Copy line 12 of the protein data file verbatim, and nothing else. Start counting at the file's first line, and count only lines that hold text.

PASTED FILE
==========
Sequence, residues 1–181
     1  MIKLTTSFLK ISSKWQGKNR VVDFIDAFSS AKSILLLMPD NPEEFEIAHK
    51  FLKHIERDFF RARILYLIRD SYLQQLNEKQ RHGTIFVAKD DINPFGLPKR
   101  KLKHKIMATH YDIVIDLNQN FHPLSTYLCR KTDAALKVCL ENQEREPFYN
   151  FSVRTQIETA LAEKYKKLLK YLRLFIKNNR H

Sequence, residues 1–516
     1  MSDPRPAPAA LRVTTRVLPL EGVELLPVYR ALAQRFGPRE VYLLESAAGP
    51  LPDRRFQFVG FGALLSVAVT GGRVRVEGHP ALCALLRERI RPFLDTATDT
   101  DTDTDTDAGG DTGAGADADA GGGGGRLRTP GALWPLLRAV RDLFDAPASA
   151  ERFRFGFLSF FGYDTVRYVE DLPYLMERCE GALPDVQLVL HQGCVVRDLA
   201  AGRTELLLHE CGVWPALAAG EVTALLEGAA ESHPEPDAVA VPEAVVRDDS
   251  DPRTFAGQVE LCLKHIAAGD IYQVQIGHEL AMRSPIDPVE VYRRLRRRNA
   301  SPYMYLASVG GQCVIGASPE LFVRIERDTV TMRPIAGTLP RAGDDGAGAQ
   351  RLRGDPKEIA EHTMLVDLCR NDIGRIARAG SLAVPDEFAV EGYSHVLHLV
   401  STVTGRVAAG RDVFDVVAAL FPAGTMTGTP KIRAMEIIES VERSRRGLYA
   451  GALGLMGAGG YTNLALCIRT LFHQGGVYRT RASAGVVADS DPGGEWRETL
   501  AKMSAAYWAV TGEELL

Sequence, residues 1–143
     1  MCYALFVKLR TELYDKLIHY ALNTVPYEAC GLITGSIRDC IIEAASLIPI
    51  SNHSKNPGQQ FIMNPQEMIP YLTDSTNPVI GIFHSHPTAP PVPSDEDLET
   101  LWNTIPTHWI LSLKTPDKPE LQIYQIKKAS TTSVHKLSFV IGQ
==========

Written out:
   251  DPRTFAGQVE LCLKHIAAGD IYQVQIGHEL AMRSPIDPVE VYRRLRRRNA